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Chainlink: Tamper-Proof Smart Contracts On Any Blockchain

Key Facts


Name: Chainlink

Ticker: LINK

Release Date: 19 September 2017


Supply: 350,000,000


Official Website: https://chain.link

Litecoin LTC

What is Chainlink?


Chainlink is one of the most recent cryptocurrencies to hit the market . It also happens to be one of the smartest uses of this technology; Chainlink serves to provide tamper-proof inputs and outputs for complex smart contracts on any blockchain.


Many of you won’t know what any of that means, so allow us to explain. A smart contract is essentially a program that helps dictate the transfer of different cryptocurrencies between different parties. It sets specific conditions, and the contracts themselves are stored within a blockchain.


Usually, these smart contracts are created using tamper-proof data. So, why is Chainlink even required? Well, tamper-proof contracts only exist within the blockchain environment. The problem with this is that a lot of people use regular FIAT currency to purchase cryptocurrencies. As such, these transactions can now be viewed and verified by just about anyone. Also, smart contracts aren’t connected to data in the ‘real world’.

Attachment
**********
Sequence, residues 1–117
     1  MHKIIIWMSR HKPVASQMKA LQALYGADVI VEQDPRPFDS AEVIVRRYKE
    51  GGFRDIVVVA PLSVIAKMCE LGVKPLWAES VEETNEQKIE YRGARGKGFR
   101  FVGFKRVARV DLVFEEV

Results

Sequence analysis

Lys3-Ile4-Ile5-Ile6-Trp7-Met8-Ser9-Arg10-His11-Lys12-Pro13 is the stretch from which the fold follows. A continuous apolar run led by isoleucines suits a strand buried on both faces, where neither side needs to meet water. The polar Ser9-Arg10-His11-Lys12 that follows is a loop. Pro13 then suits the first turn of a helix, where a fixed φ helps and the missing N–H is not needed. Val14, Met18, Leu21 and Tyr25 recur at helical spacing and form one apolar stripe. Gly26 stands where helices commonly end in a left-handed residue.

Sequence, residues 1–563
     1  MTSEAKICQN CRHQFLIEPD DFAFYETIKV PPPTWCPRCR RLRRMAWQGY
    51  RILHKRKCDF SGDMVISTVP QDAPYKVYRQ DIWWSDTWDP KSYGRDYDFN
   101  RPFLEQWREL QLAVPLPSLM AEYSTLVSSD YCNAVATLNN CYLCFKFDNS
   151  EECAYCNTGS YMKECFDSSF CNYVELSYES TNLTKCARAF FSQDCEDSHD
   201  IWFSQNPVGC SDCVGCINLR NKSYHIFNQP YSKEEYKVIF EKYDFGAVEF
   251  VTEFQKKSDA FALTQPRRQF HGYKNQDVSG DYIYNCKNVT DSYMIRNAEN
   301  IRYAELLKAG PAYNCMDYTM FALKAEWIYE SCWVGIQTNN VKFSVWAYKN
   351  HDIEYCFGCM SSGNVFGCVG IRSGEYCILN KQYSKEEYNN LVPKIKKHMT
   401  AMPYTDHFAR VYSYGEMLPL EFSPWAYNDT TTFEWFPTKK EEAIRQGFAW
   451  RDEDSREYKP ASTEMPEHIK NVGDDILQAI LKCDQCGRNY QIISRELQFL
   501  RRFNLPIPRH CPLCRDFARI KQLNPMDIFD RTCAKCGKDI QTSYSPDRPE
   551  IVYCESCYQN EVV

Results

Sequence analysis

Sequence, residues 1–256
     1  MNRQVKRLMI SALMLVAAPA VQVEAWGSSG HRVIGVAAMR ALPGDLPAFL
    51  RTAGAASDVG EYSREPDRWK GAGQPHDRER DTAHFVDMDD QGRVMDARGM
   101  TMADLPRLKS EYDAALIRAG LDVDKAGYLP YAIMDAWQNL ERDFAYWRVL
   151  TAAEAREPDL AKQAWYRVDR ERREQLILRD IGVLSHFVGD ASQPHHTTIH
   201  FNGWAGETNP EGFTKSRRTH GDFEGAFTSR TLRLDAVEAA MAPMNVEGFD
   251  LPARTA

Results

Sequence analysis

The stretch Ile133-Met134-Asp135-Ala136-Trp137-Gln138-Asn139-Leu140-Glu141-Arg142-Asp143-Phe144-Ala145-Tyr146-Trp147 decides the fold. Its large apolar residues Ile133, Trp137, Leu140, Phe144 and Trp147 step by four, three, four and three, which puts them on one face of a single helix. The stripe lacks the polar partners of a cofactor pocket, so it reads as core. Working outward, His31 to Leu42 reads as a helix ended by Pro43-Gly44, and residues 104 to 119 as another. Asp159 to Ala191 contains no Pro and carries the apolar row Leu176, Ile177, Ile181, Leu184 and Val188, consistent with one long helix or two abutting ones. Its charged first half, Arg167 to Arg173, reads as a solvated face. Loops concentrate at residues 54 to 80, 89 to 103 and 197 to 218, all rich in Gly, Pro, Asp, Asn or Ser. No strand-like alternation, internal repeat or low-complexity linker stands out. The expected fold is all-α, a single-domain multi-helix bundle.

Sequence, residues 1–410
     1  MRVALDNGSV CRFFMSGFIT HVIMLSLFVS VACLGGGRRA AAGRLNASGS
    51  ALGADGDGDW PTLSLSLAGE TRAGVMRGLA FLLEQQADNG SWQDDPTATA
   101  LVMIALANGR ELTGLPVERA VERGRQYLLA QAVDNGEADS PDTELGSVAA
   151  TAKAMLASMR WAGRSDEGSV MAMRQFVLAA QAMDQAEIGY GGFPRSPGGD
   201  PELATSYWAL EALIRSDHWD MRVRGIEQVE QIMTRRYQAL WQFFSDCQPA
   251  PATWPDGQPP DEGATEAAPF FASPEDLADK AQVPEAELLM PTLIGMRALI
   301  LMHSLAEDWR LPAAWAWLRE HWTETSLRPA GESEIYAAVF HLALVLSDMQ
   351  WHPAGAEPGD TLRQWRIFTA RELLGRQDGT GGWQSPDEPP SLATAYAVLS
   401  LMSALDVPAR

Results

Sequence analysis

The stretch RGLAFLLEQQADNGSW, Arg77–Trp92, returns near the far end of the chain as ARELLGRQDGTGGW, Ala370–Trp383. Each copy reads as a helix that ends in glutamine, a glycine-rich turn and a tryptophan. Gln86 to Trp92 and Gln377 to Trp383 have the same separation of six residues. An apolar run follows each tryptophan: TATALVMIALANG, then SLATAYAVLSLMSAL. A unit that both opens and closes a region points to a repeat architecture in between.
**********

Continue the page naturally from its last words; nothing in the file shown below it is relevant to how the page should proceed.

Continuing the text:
This is where Chainlink comes into play - it wants to solve this significant issue. It allows smart contracts to be connected to the broader world outside of blockchains. As a result, these contracts can handle fiat currencies (any currency that’s considered legal tender, e.g. USD) and keep all the significant data in sight.


How does Chainlink work?


The main problem is that smart contracts don’t have access to their own data. When a contract is implemented, there’s an issue with connectivity. It can’t link to other external resources and data outside of the blockchain environment.


Thus, a solution was created; Oracles.


Effectively, an oracle is a gateway that lets smart contracts connect with data inputs and the outside world. The issue with this is that there’s a high chance of failure and a good degree of unreliability involved. Contracts are connected through things called oracle nodes. Each one goes through one node, so the contract is only really as reliable as that specific node. If the oracle ends up going down, then the contract loses all of its functionality.


To combat this, Chainlink has created a decentralised oracle network. This offers users the very best security and ensures the contracts remain safe and tamper-proof. The idea is relatively simple; you use multiple Chainlink oracles instead of relying on one.